our own formula.

      Pete

      On Thursday, November 11, 2010, Disqus

      • OK, Pete, thanks. Understand your point. What I am getting is that makes sense to use the minimal shoe on a particular race IF I am comfortable enough with distance and planned pace that makes me sure I will not land on my heels anytime during the full race. Otherwise, maybe it is more prudent to use a protective shoe. Anyway, fully agree with you that it is a good idea to practice using different shoes and pavements. It allows you the flexibility to change the approach depending on the race and also reduces the risk of stress related injuries.

        • Pete Larson says:

          I would agree with probably everything here except maybe the statement
          “anytime during the full race” with respect to the marathon. Holding form in
          the final few miles is always going to be a challenge, so you can probably
          get away with slipping for a few mile in a minimal shoe – I have seen Vibram
          runners slamming their heels coming into the finish line. You just want to
          be sure that you can handle most of the race in good shape.

          Pete

          • Ok, understood. I was probably being naive by thinking that it is possible for an amateur to run a full marathon in a perfect form. That is the lack of experience. Your approach seems more reasonable. Thanks again.
            Sergio (Brazil)

          • Pete Larson says:

            Don’t get me wrong, I think running a good form marathon can be done, it
            just depends on how well you have trained and how hard you push during the
            race. When I have hit the wall, my form is shot completely, and I fear even
            thinking about how I looked! The marathon is always a learning experience,
            no matter how many you have run.

            Pete

  2. AshwynGray says:

    That elevation profile is awesome! Well done, Pete! I had no doubt that you’d run a great race. And, I’m glad you had the opportunity to experiment with your footwear. I was excited about your rather daring attempt to wear the A4 after having only run in it a couple of times before. Glad you didn’t sustain any horrible injuries.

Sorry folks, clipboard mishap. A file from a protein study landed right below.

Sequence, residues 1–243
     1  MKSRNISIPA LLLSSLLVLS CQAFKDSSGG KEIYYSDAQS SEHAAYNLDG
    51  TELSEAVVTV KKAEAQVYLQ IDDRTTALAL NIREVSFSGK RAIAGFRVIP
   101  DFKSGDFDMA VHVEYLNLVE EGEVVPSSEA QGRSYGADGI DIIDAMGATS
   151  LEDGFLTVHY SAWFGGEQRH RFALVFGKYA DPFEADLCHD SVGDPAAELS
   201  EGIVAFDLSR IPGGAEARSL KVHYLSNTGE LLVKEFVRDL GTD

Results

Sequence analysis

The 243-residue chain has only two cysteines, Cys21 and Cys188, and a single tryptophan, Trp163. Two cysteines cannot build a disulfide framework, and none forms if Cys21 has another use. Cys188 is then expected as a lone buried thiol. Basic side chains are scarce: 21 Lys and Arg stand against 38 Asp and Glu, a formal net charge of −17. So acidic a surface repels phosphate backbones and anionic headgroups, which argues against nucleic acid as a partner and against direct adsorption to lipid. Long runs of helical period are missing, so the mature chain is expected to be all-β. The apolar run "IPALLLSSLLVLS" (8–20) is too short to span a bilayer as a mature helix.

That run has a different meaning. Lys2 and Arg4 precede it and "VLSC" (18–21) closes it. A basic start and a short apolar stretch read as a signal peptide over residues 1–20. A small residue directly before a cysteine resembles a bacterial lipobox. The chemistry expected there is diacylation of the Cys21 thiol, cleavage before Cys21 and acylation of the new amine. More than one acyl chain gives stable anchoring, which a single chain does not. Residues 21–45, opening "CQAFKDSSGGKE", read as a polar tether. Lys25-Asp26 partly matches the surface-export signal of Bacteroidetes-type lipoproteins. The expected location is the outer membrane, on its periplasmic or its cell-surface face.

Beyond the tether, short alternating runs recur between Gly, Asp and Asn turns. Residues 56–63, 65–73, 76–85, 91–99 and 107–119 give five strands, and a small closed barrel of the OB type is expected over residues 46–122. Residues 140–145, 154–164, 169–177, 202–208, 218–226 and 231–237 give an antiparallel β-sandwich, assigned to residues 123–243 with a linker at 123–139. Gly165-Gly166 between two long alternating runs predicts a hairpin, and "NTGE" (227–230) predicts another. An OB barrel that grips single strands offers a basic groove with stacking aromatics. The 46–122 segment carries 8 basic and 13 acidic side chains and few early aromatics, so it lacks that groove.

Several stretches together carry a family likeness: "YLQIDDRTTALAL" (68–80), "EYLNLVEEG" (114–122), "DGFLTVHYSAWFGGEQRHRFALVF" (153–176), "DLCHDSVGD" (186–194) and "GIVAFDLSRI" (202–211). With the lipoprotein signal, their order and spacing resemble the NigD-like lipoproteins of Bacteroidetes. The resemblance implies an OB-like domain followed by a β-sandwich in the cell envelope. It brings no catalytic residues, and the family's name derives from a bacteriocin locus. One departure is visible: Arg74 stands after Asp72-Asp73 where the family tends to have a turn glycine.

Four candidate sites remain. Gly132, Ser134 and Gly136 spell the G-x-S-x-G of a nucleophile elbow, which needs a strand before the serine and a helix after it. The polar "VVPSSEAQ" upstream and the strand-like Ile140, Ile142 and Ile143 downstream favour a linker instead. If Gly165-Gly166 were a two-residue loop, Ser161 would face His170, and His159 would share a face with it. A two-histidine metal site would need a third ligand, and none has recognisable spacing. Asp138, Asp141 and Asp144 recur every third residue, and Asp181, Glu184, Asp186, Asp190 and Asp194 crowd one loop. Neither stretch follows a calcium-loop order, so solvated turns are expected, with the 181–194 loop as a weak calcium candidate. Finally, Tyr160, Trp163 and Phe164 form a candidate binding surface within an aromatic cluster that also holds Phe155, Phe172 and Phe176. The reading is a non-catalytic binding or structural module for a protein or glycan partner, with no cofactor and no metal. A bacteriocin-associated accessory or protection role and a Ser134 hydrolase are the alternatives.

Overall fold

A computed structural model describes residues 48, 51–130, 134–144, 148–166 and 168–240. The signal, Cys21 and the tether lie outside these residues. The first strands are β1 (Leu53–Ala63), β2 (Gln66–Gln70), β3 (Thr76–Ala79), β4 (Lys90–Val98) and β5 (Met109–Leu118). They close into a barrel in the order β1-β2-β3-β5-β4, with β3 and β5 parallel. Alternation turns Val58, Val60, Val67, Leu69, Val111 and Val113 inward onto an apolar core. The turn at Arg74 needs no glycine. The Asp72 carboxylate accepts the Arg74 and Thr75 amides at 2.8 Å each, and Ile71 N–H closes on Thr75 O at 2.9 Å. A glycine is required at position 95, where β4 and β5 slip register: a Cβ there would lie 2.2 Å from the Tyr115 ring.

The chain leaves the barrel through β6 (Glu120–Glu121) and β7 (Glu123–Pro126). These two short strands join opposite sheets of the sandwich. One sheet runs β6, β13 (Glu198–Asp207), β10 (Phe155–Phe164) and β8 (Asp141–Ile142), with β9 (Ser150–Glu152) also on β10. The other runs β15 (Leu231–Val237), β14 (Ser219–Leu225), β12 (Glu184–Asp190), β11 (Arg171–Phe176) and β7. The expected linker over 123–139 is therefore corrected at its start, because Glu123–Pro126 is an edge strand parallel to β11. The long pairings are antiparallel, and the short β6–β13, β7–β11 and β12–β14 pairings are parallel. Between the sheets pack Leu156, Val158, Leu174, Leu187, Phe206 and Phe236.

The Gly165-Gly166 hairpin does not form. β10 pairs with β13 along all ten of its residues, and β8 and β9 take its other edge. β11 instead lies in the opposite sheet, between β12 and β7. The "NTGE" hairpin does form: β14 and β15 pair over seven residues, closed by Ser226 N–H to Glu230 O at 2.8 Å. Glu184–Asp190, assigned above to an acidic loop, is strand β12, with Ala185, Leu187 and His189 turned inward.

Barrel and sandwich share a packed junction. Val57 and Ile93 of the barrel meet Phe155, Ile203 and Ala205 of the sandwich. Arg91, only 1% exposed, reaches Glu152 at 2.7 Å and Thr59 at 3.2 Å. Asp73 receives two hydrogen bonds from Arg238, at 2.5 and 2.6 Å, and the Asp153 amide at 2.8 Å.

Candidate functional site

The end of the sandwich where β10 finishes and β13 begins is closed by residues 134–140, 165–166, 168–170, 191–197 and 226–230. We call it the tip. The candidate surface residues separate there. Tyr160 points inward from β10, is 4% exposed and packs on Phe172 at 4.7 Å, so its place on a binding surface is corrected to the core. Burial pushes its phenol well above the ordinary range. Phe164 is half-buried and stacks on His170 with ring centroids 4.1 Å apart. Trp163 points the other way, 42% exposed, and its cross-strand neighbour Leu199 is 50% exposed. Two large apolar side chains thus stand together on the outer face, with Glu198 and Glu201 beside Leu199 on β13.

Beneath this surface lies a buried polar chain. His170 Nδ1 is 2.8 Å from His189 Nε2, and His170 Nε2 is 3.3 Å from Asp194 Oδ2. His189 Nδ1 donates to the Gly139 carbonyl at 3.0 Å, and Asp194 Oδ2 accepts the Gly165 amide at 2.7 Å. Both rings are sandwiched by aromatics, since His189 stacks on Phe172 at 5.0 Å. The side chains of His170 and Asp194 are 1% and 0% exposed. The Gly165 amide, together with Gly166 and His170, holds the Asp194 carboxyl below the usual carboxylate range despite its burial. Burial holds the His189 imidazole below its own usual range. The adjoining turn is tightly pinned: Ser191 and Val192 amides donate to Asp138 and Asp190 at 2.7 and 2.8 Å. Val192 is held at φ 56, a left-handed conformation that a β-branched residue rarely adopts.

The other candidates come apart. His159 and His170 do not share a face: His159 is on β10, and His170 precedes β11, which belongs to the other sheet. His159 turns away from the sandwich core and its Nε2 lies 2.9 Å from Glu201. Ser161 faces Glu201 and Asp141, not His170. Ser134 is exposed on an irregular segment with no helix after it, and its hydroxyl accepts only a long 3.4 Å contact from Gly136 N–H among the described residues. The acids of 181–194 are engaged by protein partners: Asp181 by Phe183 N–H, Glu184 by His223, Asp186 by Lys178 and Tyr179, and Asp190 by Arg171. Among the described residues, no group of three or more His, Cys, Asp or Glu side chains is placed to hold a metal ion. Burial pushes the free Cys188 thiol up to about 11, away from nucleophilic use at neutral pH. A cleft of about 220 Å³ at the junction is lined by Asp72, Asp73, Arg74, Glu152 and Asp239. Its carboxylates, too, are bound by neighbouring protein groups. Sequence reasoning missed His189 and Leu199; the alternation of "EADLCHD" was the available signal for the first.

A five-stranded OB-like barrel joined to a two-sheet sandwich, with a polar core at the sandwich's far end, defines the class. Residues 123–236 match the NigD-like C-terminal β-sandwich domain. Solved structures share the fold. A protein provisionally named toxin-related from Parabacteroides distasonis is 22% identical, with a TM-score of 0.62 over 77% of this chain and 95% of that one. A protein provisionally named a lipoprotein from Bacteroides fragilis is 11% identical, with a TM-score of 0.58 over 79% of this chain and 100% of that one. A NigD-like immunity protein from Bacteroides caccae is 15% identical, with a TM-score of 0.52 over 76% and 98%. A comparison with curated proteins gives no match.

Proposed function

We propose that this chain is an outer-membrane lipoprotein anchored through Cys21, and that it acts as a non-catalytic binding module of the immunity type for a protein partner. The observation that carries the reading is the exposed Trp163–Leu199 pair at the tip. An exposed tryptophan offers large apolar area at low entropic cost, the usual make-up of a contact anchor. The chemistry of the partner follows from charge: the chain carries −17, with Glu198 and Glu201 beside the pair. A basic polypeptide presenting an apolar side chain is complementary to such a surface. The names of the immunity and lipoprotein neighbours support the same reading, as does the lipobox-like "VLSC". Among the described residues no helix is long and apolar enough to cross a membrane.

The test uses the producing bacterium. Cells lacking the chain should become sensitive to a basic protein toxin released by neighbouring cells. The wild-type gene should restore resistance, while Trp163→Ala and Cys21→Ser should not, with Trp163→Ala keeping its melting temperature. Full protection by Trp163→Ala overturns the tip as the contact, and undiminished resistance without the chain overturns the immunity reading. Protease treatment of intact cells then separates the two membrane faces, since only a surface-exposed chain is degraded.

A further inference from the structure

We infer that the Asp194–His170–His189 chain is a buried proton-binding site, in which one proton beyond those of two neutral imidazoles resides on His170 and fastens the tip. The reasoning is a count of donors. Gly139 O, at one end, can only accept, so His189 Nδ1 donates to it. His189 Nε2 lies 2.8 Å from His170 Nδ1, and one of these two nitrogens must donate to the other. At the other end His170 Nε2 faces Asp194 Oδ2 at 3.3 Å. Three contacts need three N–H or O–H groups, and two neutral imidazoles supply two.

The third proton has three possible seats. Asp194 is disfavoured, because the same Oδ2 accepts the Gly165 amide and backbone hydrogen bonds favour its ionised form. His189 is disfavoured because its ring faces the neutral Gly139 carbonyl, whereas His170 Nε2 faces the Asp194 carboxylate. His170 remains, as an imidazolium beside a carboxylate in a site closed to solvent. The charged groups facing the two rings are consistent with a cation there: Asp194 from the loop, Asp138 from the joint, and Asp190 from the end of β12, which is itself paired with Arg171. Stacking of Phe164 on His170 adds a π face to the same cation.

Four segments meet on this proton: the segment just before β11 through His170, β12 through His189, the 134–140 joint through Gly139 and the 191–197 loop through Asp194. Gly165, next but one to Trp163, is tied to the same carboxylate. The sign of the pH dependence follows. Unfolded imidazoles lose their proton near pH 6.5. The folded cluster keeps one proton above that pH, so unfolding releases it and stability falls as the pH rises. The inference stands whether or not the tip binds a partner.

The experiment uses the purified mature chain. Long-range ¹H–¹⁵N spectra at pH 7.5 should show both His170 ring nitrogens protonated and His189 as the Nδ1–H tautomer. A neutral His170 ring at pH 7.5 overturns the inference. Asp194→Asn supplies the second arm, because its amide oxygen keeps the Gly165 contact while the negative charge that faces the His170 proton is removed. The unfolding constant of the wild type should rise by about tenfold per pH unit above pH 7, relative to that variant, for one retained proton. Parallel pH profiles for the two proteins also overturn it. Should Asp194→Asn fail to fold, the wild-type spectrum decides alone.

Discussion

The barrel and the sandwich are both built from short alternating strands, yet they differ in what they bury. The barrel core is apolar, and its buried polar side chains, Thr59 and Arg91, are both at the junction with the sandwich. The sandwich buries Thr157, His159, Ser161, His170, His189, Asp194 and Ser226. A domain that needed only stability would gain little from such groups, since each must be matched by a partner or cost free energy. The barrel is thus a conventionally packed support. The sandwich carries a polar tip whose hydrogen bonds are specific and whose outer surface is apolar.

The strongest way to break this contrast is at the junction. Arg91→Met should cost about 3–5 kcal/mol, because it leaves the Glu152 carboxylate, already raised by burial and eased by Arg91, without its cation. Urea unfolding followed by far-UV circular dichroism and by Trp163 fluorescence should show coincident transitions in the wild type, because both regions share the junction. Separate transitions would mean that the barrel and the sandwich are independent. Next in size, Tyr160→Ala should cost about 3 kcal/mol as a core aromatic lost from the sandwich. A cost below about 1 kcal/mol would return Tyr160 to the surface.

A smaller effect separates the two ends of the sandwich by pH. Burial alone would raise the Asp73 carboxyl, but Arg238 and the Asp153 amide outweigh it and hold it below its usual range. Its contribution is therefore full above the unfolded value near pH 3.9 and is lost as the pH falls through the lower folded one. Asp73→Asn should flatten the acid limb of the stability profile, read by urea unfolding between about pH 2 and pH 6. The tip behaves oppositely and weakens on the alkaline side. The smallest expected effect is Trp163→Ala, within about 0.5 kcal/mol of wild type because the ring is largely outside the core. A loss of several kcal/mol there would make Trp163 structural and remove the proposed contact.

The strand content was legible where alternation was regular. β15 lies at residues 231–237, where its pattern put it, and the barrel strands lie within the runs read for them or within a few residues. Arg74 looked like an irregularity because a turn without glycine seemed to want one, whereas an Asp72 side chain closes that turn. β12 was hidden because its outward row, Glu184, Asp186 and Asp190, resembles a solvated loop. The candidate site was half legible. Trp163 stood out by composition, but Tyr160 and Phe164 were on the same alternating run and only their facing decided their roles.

Oh, and be sure to post that finish line picture if you feel so inclined. It sounds like it’ll be a good one!

  3. Congratulations on another great marathon! I’m impressed that you managed to hold so constant a pace despite significant elevation grade changes throughout the event. I suppose that assisting a marathon pace group leader that you’re required to do so throughout, versus speeding-up somewhat on the downhills and slowing down a bit on the uphills? My only other hilly paced marathon was in Austin, TX, and similar to your strategy the pace leaders maintained a very constant pace (which I found more natural to depart from a bit via running ahead of them on the downhills, but falling back on the uphills). It’s also great that you’ve now got your fueling and pre-race nutrition figured out.

    • Pete Larson says:

      Mark,

      We did speed up on the downs and slow on the ups, but the hills were so
      frequent that it evened out the pace overall I think. The lead pacer was
      following a steady effort rather than steady pace plan.

      Pete

  4. Great report Pete! Congratulations!

    I heard in your Disney Marathon Podcast that you delayed gel consumption after mile 8. Do you advise this? I am running RnR SA on Sunday and need a gel cumsumption strategy.